City Council Votes for Aerial Spraying in Duncanville

Filed under: City |

The Duncanville City Council met in an emergency meeting to discuss and consider taking action about mosquitoes, the West Nile Virus, and what action to take in the best interest of the community.

Originally, the council was to discuss this item in the regularly scheduled meeting on Tuesday evening, but due to a Tuesday 2PM deadline imposed by Dallas County for the City to make a decision on aerial spraying, the council had to discuss their options in the emergency meeting.

About a dozen citizens were in attendance, and several took the opportunity to express their opinions about aerial spraying, and all that spoke were in favor of following the actions of the City of Dallas, and the recommendations of the State of Texas Health Department, the Center for Disease Control (CDC), and the Local Association of Medical Doctors to conduct aerial spraying in Duncanville.

Mayor Deborah Hodge
Mayor Pro Tem Johnette Jameson – absent
Councilmember Don Freeman
Councilmember Dr. Stephen Jones
Councilmember Leslie Thomas
Councilmember Janet Harris – absent
Councilmember Mark Cooks

Duncanville City Council
Emergency Meeting Agenda
Emergency Meeting – 6PM
Council Chambers, City Hall
203 E. Wheatland Road

An emergency meeting called to discuss and take possible action on issues in which an imminent threat to public health and safety exist, as well as discuss and take action on issues which were reasonably unforeseeable.

Revised Agenda

  1. Citizens public comment period.
  2. Discuss and take possible action on mosquito spraying options for the City of Duncanville including ground and aerial spraying.

The speakers expressed their concerns about the ineffectiveness of ground spraying with trucks, the fact that some aren’t taking the preventative action of getting rid of standing water, that ten deaths due to the West Nile Virus have been registered in Dallas County, with one on Duncanville.

Others pointed out that Sacremento, California sprays 3-4 times a year, every year, and no reports of adverse effects among the citizens.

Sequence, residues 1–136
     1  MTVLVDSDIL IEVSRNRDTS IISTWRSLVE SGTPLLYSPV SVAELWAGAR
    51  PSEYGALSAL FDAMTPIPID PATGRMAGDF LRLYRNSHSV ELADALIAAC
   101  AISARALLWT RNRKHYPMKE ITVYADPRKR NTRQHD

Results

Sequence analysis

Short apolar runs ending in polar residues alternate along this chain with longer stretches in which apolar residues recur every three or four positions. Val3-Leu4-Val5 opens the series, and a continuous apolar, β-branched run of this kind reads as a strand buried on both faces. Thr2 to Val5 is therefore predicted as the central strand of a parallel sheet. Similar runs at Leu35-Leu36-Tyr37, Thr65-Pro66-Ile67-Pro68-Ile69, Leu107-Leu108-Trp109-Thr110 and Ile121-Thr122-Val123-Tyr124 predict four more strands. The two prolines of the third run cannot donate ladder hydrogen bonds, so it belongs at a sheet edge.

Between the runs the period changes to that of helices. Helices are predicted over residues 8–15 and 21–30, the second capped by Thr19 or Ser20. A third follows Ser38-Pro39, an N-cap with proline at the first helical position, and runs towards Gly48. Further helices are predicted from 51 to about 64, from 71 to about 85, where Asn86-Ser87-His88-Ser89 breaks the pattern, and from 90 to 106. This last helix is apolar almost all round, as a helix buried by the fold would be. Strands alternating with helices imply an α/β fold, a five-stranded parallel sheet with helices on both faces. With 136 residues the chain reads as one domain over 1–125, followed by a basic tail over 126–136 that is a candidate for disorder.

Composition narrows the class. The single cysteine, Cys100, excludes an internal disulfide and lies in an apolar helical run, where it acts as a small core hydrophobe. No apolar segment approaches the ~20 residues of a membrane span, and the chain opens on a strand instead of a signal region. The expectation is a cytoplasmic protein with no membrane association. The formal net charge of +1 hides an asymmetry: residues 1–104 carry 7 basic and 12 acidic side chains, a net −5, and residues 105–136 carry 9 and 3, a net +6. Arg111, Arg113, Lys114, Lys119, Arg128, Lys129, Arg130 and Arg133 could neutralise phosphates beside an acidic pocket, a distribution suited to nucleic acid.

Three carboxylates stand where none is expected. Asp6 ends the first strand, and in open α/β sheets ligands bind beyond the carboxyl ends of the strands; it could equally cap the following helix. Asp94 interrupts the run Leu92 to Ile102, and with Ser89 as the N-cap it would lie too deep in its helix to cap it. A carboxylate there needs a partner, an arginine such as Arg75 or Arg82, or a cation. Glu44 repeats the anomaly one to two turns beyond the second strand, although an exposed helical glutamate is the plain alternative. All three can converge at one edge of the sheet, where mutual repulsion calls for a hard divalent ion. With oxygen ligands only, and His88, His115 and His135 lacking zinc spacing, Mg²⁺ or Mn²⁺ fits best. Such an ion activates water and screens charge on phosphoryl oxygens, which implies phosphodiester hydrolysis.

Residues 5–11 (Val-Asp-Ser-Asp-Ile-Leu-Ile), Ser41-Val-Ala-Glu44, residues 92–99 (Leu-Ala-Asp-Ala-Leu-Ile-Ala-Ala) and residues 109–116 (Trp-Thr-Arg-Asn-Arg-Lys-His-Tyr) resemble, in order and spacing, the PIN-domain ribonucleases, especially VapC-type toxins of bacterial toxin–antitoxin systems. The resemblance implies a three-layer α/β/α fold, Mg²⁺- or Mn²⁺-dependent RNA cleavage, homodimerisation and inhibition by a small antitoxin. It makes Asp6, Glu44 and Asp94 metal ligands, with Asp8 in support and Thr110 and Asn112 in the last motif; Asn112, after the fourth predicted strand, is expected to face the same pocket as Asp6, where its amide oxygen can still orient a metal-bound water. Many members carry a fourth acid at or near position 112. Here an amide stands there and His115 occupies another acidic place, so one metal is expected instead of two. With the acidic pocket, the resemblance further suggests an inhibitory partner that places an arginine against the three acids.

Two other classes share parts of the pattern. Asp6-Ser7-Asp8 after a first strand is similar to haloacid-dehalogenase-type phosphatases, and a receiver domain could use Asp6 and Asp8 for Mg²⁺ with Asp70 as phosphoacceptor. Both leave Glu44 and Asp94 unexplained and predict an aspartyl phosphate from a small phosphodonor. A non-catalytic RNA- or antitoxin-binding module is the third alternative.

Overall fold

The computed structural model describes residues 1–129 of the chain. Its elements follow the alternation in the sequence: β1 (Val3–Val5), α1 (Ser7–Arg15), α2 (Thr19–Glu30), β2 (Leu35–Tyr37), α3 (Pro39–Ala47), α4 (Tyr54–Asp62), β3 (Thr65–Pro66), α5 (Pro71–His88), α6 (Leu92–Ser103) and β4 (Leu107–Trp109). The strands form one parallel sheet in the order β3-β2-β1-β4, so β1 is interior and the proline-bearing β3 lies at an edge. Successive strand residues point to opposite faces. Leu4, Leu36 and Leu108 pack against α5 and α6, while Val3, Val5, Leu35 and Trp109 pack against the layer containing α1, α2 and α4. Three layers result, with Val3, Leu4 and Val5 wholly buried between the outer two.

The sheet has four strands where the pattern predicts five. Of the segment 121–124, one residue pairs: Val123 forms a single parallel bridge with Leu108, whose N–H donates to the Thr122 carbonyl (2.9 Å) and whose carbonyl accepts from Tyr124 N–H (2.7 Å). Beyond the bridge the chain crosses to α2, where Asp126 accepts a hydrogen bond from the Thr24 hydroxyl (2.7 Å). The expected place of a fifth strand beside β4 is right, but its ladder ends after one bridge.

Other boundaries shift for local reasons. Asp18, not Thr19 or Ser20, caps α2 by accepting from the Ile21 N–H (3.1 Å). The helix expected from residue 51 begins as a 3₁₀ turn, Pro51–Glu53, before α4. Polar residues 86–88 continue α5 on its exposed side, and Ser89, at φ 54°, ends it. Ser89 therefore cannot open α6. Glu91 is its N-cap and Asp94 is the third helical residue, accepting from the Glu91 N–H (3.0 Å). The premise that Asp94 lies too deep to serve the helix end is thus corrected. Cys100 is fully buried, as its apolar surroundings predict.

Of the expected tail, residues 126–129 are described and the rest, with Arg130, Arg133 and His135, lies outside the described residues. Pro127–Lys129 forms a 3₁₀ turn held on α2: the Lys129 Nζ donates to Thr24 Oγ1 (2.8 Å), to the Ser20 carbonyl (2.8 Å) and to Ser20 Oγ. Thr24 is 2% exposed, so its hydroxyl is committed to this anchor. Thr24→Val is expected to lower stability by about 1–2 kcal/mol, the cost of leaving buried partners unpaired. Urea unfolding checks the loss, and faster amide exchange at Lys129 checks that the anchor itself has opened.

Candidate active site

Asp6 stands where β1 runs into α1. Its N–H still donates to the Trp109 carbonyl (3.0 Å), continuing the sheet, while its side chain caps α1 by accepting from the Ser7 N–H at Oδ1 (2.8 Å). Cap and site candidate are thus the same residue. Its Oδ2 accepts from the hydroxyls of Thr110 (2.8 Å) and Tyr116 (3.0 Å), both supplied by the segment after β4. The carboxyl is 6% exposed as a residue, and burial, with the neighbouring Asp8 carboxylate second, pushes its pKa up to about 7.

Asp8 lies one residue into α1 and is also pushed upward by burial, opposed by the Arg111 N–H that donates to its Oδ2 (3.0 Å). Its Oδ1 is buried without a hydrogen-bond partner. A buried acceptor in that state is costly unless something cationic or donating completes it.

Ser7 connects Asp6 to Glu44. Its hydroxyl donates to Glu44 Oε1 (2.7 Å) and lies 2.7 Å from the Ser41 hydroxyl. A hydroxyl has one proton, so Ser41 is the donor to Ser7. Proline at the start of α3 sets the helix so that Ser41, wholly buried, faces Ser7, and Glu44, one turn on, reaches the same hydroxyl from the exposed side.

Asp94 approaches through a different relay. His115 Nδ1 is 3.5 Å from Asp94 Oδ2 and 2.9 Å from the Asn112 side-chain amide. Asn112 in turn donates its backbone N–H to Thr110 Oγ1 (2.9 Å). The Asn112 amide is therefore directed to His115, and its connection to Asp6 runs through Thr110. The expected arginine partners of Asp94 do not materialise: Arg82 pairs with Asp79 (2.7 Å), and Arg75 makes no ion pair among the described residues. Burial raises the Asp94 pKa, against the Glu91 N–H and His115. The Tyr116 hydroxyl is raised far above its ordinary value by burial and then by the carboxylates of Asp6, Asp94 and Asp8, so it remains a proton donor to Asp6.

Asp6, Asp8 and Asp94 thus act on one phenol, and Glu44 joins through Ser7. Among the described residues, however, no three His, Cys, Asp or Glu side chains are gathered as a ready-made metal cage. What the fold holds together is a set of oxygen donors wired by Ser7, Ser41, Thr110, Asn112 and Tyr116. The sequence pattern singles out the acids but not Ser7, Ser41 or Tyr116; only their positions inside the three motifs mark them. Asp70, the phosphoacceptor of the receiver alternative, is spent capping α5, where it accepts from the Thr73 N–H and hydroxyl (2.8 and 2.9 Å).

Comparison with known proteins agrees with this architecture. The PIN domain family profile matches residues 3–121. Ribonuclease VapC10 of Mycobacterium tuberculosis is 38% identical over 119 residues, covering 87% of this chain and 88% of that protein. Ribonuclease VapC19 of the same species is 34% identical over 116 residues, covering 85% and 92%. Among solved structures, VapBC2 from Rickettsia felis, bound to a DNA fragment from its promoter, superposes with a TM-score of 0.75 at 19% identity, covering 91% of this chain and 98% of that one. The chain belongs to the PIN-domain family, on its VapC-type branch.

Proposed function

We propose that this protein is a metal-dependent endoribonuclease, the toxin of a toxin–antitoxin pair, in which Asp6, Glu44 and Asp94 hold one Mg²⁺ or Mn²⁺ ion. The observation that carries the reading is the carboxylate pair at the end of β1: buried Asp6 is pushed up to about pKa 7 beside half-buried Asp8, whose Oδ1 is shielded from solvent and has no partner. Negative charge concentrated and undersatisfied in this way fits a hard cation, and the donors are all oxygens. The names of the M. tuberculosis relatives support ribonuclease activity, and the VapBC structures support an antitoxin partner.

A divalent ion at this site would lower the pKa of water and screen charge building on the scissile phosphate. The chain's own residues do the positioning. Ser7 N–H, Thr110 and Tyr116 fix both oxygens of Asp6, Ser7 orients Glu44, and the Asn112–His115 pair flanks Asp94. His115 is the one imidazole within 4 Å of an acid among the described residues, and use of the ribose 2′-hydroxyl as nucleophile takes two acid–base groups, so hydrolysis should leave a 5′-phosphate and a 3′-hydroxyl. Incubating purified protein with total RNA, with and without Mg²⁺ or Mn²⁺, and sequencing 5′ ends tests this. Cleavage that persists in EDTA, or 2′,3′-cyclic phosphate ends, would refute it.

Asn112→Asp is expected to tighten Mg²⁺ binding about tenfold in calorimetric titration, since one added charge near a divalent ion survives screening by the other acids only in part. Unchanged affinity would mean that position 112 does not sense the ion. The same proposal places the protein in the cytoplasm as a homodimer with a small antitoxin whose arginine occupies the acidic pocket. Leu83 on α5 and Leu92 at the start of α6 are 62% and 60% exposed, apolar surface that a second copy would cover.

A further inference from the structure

City Manager Dan O’Leary explained that originally Duncanville was not offered the opportunity to receive aerial spraying, due to the spraying  was only being offered to those cities north of I-30. “Eighty percent of all positive traps, and reported human cases were north of I-30,” said O’Leary.

O’Leary went on to explain that this past Thursday, aerial spraying was opened to all cities in Dallas County, but they wanted a decision that day. The administration of those cities pushed back and asked for a deadline of Wednesday, August 22. This past Friday the city received  notice that a decision was needed by 5pm, on that day. The city decided to decline due to the fact that the council could not meet in time to discuss aerial spraying. The county then changed the deadline to 2:30PM on Tuesday, so on Saturday the council scheduled the emergency meeting for Monday evening. There is still some confusion on the exact deadline, but the city is going on the assumption that the deadline is Tuesday.

The city manager then laid out the timeline for events in Duncanville:

  • 7/2 – A positive trap was found on Jewel Street
  • 7/16 – The trap on Jewel Street again tested positive
  • 7/26 – Human case was confirmed on Softwood
  • 7/30 – Jewel Street trap again tested positive
  • 7/30 – Greenstone Lane trap tested positive
  • 8/6 – Greenstone tested positive again
  • 8/8 – Duncanville’s first death due to West Nile since 2009 was confirmed
  • 8/8 – Confirmed human case on Golden Meadow
  • 8/9 – Thrush Ave trap tested positive
  • 8/13 – Human case confirmed on Green Valley
  • 8/16 – Human case confirmed on Greenstone Ct.

The Council was considering three options:

  • Option 1 – Dallas County Health Department recommendation of three consecutive days of truck spraying.
  • Option 2 – Aerial spraying as recommended by the state, CDC, and Association of Medical Doctors.